Some soft, porous woods or portions of wood (end grain) will drink in the stain as you apply it making the wood way too dark or almost black. Almost like staining cardboard, there will be very little grain showing – just a near-solid opaque stained wood substrate
Pre-stain Wood Conditioners
Often plywood or wood veneer will stain this way. The way to minimize stain absorption is to “pre-condition” the wood before staining. Preconditioning partially seals the porosity of the wood by filling the pores to a greater or lesser degree, thus holding the stain out.
While some are quick to pre-condition every piece of pine trim or any and every piece of softwood. – I don’t. Unless the softwood is unusually porous I will bypass the pre-conditioning as a rule. I save the pre-condoning for plywood, veneers, and wood that are noticeably porous.
The problem with pre-conditioning every piece of softwood in sight is that pre-conditioning will remove the whole patina and mottling that is characteristic of that wood. I happen to like these “markings” in wood as it gives the wood its uniqueness.
Others, who may want a more monolithic, nonvariant look to their wood, may want to pre-condition all softwoods before staining as some stain manufacturers are wont to recommend.
A good compromise may be to apply the pre-conditioner but keep it very thin to minimize and even out any mottling and color variations but not eliminate them.
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There are two ways to pre-seal porosity before staining.
The first method is the specialty product made for the pre-stain application. These are called “conditioners” or stain “controllers”. Minwax makes a pre-stain “conditioner” as such.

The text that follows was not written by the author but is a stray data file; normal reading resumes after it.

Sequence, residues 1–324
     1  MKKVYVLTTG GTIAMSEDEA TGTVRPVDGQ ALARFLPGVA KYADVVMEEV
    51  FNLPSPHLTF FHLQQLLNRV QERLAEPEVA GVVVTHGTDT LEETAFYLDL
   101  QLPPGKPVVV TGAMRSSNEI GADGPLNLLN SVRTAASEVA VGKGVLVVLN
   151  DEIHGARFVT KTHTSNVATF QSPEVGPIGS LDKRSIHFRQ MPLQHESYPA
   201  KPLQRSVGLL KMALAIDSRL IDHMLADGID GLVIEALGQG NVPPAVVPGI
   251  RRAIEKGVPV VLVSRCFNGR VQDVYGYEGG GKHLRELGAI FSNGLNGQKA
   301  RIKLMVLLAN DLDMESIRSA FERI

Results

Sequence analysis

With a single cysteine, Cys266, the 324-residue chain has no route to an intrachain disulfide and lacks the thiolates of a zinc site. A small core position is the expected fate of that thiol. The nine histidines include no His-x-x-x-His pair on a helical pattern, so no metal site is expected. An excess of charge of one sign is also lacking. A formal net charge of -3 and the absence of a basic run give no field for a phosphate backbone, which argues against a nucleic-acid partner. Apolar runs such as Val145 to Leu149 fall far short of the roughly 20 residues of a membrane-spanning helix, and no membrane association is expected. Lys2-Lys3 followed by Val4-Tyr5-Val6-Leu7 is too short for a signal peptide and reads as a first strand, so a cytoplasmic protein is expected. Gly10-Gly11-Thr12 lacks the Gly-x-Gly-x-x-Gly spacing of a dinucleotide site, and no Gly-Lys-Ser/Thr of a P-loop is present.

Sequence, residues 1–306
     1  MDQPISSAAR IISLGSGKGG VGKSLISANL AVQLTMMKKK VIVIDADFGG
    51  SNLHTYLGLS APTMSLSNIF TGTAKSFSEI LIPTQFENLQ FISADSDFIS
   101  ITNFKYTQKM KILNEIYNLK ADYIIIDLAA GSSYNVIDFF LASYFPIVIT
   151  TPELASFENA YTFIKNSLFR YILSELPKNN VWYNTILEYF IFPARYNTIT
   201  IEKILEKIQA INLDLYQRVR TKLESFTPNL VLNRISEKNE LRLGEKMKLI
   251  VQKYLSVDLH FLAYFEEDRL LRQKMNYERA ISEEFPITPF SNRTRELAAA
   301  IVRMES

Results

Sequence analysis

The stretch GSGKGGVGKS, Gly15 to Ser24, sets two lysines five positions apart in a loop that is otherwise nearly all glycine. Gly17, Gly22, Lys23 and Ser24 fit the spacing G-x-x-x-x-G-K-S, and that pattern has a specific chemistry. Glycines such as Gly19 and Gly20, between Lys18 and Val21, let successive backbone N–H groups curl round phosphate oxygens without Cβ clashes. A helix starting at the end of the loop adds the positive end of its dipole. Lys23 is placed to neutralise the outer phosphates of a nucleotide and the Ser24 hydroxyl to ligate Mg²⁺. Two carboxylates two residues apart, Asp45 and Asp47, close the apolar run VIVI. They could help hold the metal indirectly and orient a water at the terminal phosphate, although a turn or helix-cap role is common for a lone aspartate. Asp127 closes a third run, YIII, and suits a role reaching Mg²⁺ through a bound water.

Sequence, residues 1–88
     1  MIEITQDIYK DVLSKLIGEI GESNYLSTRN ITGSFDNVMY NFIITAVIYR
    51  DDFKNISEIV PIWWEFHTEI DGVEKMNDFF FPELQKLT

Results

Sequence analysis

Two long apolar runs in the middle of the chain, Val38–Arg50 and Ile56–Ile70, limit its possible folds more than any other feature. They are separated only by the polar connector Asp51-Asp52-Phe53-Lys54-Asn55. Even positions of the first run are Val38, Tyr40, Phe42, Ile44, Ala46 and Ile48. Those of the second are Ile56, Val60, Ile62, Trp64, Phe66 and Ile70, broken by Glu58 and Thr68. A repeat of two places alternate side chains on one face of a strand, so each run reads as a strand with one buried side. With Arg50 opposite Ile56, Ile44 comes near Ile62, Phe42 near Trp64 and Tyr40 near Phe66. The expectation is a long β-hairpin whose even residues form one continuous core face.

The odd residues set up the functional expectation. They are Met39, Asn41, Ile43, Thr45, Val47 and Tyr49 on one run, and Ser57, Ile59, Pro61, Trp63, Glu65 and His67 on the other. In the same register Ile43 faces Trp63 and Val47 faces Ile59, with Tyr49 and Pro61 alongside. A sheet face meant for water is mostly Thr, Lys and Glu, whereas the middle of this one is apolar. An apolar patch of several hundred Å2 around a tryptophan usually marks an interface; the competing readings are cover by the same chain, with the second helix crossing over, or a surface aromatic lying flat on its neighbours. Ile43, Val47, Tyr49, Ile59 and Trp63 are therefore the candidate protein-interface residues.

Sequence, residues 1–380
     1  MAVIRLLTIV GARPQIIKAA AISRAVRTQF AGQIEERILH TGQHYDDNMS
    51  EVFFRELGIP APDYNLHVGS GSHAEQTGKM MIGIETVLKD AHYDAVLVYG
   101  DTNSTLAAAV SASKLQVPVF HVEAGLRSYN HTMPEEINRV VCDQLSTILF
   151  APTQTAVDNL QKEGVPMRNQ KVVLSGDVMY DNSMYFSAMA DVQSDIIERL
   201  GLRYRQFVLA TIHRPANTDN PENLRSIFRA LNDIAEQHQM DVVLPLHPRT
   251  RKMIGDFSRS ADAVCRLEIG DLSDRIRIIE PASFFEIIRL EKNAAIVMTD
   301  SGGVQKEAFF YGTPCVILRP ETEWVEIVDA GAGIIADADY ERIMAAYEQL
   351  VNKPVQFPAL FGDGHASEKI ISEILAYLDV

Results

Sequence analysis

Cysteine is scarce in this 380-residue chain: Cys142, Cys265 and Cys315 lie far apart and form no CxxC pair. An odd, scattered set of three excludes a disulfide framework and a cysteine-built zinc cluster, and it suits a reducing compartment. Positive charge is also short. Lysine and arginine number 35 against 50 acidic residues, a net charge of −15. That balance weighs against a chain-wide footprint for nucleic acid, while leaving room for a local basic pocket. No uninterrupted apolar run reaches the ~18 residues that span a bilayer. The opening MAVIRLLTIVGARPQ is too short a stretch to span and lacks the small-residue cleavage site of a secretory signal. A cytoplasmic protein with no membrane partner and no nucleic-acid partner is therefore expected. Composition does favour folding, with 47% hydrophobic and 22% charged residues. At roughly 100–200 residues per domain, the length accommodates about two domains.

Generally, these are applied to the porous wood and allowed to sit for some time, and then wipe off the excess. There is a window of time in which the stain needs to be applied (for the Minwax conditioner it is two hours). Read the directions on the particular product that you are using.
The second method of pre-stain sealing is to use a wash coat of shellac. De-waxed shellac is used for this. Zinsser’s “Seal Coat” is a shellac in which the naturally occurring wax inherited in the shellac has been removed.
You Must Thin the Shellac
Don’t use straight shellac or Seal Coat or you will over-seal the wood, resulting in a wood substrate that will not “take” any stain – or very little stain. You must thin the shellac sufficiently with alcohol to make use of it as a pre-stain sealer.
The recommended “cut” by Zinsser for their Seal Coat as a pre-stain conditioner is to add 3 parts of alcohol to 2 parts of Seal Coat. (I use a 2 parts alcohol to 1 part shellac mix. I would rather be under-sealed than over-sealed). Test on a piece or two before proceeding to do the whole project.
This mix is applied to the wood with a brush or rag in the direction of the wood grain, then allowed to sit for 15 minutes after which a scouring pad (Scotch Brite type or synthetic abrasive pad) is used in the direction of the wood grain to knock down any raised grain and uniformly re-open the pores up a bit.
Too Light – Too Dark: The Fine Line of Pre-stain Sealing
If you are slightly over-sealed and the stain doesn’t take dark enough, try applying the stain with a brush rather than a rag. If it still is too light you may have to apply two coats of stain, allowing for complete drying between coats.
Another option is to use a wiping stain with a higher percentage of pigment which offers more control over the color depth than a penetrating stain.
If you are still under-sealed a bit after pre-sealing (the stain is still absorbing too much), you can thin the stain by adding a clear stain base to the stain as needed.
Don’t Over Seal !!!!
I have been called in to stain wood trim etc… that the homeowner tried to pre-seal only to find out that the wood would not take any stain whatsoever. I had to woodgrain the wood in that situation. It is safer to be a bit under-sealed than to over-seal.